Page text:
The study was carried out from March to December of 2014. Each group of CHWs was separately trained in smartphone and mobile application use, and the training sessions were held in community health locations in Gasabo district.
CHWs collected two data sets for this project. Typically, a CHW visits a family once a month and measures each child's weight to track his or her growth and development. For purposes of this project, CHWs recorded this information, along with the age of the child and parent's information, using a smartphone application, which synchronized with the database implemented for this study.
Overall, the mobile application for collecting health indicators was well received by the CHWs. We list here the successes from nine months of working with the 24 CHWs:
* The CHWs were comfortable with the part of the application that replicates their previous work in collecting weight on children under five.
* Many CHWs had never used a smartphone, but learned the needed skills in two training sessions. The phone settings were in English (a language they were not fluent in) and they adjusted to that.
* Data tracking a child's weight and age electronically was considerably more accurate, consistent, and accessible than handwritten records. In addition, with electronic data collection, the researchers were able to improve the correlation of children's weight with age over paper records by 50% and reduce measurement error by 40%.
The second type of data from the nutritional survey was incorporated into the mobile application. At the beginning of the project, CHWs asked parents questions about the types of food they feed their children and the frequency. The survey was organized so that the parents had to answer yes/no, select answers to multiplechoice questions, or use a drop-down menu. Food was divided into seven food groups important for children's growth and development. After the survey, each child received a nutrition score ranging from 0-7, depending on how many food groups (4) they consumed.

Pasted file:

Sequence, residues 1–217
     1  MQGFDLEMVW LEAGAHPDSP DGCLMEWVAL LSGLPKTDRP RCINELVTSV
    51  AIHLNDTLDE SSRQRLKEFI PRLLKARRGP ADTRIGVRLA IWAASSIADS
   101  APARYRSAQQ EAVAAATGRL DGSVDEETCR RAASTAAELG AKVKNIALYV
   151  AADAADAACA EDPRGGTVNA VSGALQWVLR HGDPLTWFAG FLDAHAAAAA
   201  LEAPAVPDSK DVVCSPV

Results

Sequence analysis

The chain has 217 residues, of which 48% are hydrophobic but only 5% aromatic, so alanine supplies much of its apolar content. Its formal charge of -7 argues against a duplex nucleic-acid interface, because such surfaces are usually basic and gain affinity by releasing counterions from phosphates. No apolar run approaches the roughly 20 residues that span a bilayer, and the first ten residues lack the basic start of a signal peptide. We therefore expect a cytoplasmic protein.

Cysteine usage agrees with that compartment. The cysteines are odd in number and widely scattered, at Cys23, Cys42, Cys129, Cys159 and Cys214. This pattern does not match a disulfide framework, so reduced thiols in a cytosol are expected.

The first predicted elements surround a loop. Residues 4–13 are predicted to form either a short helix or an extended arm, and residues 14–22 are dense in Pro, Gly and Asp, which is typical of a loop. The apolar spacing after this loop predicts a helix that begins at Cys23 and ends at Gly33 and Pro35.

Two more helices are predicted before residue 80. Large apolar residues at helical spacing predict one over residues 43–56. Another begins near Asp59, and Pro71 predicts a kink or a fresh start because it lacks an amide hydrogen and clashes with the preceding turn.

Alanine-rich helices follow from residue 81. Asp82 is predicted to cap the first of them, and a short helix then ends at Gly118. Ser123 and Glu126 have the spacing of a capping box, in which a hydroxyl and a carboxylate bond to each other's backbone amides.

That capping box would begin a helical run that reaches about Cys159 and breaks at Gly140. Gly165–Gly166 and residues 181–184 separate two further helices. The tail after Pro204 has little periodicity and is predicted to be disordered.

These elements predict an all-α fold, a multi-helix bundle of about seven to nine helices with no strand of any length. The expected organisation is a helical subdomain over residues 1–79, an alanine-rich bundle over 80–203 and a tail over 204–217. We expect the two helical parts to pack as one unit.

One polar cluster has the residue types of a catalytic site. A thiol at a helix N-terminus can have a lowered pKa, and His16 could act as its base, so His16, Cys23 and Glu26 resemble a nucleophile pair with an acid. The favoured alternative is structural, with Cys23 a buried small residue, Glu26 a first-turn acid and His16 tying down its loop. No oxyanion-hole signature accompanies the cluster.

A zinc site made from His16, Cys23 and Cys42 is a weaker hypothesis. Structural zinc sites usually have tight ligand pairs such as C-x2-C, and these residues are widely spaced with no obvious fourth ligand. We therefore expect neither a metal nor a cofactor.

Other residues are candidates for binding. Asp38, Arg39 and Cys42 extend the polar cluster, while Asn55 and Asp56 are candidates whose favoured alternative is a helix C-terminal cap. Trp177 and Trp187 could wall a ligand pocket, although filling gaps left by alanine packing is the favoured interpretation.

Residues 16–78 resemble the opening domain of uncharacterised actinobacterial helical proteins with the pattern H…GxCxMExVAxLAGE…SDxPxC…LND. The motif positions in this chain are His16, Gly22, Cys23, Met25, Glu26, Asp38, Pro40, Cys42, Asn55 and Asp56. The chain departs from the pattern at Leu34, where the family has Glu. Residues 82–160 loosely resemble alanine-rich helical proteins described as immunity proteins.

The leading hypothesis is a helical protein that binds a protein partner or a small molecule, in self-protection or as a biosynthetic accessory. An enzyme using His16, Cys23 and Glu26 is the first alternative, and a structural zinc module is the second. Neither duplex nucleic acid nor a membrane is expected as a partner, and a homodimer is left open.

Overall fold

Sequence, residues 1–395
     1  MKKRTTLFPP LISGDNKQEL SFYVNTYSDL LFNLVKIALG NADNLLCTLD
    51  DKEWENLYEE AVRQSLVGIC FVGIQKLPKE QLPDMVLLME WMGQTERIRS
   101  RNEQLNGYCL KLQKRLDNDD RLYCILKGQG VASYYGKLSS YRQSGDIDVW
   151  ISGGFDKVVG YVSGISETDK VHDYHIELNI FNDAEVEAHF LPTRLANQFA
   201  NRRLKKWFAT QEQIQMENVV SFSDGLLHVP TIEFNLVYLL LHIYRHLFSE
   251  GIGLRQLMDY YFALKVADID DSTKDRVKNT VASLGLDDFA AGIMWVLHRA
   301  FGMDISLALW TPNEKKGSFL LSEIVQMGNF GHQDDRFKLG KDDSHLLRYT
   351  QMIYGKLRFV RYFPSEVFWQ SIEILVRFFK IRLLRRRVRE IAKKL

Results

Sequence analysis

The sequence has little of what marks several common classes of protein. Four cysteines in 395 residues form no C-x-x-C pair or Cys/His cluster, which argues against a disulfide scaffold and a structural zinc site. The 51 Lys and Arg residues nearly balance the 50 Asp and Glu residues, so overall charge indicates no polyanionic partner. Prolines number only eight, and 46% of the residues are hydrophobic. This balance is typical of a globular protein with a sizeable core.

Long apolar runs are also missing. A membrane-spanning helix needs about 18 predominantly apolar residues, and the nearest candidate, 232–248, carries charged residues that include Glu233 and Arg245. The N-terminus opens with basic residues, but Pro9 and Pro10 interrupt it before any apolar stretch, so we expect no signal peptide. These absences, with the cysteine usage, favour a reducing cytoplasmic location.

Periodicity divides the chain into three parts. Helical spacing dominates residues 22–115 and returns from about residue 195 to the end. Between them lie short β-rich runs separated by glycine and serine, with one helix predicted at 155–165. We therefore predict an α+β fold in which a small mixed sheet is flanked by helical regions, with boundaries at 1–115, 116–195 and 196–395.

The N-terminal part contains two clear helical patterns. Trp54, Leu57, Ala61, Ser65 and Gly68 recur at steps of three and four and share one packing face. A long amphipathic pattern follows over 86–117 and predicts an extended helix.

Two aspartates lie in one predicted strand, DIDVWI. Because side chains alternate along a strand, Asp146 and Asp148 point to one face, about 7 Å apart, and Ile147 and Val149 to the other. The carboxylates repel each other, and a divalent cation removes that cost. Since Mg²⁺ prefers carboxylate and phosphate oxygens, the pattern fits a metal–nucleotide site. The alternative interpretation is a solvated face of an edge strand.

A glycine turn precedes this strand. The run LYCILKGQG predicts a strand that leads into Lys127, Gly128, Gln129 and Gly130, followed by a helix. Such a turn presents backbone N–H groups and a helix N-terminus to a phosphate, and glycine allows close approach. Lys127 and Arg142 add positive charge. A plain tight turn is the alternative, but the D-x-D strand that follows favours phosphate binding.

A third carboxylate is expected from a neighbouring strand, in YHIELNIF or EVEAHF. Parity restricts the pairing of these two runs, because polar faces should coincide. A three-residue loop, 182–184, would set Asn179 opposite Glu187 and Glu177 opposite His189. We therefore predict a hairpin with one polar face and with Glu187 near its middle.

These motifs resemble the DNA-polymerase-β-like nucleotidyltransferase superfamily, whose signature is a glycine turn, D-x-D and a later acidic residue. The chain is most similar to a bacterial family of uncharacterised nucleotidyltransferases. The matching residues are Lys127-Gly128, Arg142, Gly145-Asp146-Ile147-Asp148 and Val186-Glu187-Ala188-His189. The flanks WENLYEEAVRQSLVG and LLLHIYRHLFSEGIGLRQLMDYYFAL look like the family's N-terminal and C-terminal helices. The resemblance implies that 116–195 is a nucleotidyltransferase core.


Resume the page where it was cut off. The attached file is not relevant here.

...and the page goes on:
The CHWs had many problems during the administration of the nutrition portion of the survey. The parents' answers were unrealistic; for example, many parents answered several food survey questions by checking boxes that indicated their four-month-old baby was consuming multiple food groups such as meat and cheese, along with nursing, and the CHWs did not know how to deal with this issue. After several meetings with the CHWs where those problems were discussed, the CHWs were able to collect more reasonable data by explaining to the parents that their answers did not make sense and by spending more time articulating the meaning of the food groups. However, survey reliability continues to be questionable because a discussion of food is culturally shunned in Rwanda.
The nutritional survey for this study was adopted from an earlier study (Arimond & Ruel, 2004), which used the same dietary groups to evaluate the nutritional status of children under age five in 11 developing countries, among them Rwanda. In the case study carried out in 2014, CHWs recorded that the food diversity of Rwandan children under age five was 4.1 food groups on average, while a previous study from Arimond and Ruel (2004) reports an average of 2.9. That discrepancy was one of the reasons researchers questioned the validity of nutritional data collected by the CHWs; the 2.9 diversity value is consistent with the current level of malnutrition in Rwanda, while a value of 4.1 is not.
There were two problems with the data collection in the Rwandan case study from 2104:
1. The researchers were unaware of local cultural norms, for example, discussing food is a cultural taboo in Rwanda. Neither parents nor CHWs were involved in the survey design. In addition, the food groups in the standard nutritional survey did not align with Rwandan terminology.